Creatures of Beauty (#44)

Big Finish Main Range

Ugh. Out of the comedic and heartfelt and into the not so interesting. Sometimes Nicholas Briggs hits a winner with his stories (Sword of Orion, Embrace the Darkness) and sometimes he just hits where it hurts (Mutant Phase and this story). The frame of the story is definitely intriguing—the TARDIS being in the way causes all of the problems which they then try to solve too late so the Doctor causes the problems, accidentally. But after the Doctor and Nyssa arrive, the mystery and the operations and the madness are all just, well, not very heartfelt or interesting.

Accident? So basically there’s an anti-industrial, anti-capitalist message behind the story. No, that’s not quite it. I think it’s more of being aware of the damage that can be caused by your actions when you put money over safety. When capitalism goes awry, basically. That’s the frame of the story, the basis of the adventure. The way the story is told is definitely interesting, everything out of order. It’s like the pieces of the story were on the table, in chunks to be told, and they moved them around, to tell things in a different way, to keep us interested. And it works to a certain extent. The moment when Nyssa tries to keep the girl, Vilene, from killing herself, moved to the third part of the story.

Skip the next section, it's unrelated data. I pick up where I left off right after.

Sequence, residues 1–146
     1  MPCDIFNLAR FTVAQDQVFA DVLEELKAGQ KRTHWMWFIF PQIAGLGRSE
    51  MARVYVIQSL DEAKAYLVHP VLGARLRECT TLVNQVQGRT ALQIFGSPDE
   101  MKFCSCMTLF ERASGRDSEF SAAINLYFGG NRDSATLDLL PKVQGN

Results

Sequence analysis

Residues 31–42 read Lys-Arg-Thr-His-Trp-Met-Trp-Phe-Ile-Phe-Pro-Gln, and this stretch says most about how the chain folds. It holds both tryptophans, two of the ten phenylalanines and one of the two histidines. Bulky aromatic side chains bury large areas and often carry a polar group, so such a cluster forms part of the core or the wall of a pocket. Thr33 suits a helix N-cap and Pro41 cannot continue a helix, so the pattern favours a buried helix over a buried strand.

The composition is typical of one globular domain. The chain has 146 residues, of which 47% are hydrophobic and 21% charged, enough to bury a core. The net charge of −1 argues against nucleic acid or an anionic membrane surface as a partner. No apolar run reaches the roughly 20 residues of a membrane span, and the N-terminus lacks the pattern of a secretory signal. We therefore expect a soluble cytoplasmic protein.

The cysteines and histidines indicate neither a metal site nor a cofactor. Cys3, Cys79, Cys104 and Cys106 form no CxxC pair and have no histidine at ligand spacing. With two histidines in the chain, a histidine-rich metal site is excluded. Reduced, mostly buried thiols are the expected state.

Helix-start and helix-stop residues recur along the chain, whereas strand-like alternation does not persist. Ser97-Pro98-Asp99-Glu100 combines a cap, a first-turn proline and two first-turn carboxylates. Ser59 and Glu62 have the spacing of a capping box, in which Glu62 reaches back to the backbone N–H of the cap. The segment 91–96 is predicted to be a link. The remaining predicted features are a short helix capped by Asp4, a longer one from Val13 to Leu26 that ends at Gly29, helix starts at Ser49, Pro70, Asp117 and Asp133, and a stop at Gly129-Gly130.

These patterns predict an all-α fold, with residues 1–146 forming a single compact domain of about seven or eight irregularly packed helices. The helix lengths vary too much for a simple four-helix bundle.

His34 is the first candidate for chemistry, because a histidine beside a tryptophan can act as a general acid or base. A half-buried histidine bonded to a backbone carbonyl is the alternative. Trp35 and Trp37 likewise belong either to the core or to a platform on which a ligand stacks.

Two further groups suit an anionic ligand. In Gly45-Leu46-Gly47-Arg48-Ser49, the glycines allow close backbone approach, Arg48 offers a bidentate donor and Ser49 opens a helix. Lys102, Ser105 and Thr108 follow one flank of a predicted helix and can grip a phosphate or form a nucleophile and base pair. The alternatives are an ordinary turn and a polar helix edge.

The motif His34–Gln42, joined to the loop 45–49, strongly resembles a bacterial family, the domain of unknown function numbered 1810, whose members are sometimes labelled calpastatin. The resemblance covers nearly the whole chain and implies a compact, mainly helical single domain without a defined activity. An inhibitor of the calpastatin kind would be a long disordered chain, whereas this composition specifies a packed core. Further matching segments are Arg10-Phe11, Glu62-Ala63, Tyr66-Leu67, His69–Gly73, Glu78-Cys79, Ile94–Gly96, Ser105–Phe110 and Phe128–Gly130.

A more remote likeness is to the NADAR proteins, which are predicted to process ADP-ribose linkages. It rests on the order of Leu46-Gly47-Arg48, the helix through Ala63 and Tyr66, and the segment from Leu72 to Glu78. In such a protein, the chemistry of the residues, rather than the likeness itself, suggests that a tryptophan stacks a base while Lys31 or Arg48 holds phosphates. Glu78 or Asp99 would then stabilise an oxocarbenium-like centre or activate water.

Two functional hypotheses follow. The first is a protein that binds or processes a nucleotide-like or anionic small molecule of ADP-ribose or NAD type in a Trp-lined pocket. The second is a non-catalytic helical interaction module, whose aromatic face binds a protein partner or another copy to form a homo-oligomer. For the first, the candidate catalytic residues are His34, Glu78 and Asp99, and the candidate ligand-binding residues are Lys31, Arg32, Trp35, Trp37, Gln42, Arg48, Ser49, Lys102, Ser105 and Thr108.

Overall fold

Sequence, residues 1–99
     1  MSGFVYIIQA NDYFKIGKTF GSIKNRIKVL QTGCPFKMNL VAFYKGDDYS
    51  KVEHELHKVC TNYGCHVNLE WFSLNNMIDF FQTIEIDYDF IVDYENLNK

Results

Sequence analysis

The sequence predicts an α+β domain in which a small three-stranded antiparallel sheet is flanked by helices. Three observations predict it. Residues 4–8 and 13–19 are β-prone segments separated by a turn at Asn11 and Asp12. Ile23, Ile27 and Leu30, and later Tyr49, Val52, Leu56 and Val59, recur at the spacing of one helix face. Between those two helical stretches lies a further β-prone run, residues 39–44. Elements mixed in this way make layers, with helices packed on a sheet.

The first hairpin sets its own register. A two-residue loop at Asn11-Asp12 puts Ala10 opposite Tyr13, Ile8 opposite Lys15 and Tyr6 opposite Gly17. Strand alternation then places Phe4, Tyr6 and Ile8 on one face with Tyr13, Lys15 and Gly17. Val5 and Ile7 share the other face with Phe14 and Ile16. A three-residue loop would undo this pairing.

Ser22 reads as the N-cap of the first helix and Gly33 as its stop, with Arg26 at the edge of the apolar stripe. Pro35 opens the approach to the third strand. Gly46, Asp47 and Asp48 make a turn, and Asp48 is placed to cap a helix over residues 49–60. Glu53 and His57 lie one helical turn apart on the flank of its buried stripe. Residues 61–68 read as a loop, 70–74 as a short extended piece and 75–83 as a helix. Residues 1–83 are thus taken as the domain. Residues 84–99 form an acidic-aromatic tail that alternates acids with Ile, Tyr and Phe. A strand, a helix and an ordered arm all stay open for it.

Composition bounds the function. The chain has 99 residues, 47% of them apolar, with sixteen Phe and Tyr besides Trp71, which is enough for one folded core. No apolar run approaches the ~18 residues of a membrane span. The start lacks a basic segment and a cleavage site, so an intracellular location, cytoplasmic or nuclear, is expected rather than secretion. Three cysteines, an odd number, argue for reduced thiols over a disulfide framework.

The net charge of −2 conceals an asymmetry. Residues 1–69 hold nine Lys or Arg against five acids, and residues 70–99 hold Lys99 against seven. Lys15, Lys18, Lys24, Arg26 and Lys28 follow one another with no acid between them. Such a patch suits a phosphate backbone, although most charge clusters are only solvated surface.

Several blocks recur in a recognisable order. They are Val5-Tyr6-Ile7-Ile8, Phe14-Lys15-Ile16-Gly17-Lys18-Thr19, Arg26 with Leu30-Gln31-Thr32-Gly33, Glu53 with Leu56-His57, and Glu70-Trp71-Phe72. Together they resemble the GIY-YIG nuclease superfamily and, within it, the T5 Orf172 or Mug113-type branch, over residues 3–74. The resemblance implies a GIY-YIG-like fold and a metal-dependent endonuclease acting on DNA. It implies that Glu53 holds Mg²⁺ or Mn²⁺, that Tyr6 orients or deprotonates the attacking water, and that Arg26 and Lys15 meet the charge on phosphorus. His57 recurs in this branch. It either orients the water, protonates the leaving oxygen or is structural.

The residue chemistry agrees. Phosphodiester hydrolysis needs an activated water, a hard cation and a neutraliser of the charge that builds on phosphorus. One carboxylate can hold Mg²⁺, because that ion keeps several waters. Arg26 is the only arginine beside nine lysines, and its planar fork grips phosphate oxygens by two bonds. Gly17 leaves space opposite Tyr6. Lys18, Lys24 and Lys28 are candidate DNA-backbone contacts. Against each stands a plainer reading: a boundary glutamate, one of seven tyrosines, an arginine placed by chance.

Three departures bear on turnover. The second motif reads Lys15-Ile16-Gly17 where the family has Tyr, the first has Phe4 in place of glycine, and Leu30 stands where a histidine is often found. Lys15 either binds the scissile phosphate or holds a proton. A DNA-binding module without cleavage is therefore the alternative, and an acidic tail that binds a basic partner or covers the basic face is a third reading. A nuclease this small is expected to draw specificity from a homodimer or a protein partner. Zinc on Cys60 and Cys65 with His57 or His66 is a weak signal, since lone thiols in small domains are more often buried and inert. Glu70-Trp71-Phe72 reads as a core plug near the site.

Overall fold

The intentions of the aliens, the security chief, the Lady Forleon—the intentions and the politics of the planet, Veln, are the flesh of the story with the backbone being the consequences that they’re trying to put right. With the Doctor being the random factor that is the wrench in the works, causing the issues and also trying to help with them, as he usually does. It’s good in a general sort of story arc way but it just doesn’t further anything, other than the culpability of the Doctor, his guilt without realizing. The Doctor’s adventures do put him in the thick of it, it’s just rare that we get to see his inadvertent interference and its results, all a morass of intentions and effects. All getting so muddled up that it’s difficult to enjoy the storyline. Perhaps it’s just too much torture and mayhem, two stories in a row? This one just doesn’t come off as well with a complete lack of humor and convincing torture sound effects all around…

Peter Davison and Sarah Sutton

Written and Directed: Nicholas Briggs

Release: May 2003

Laura Vilensky 2019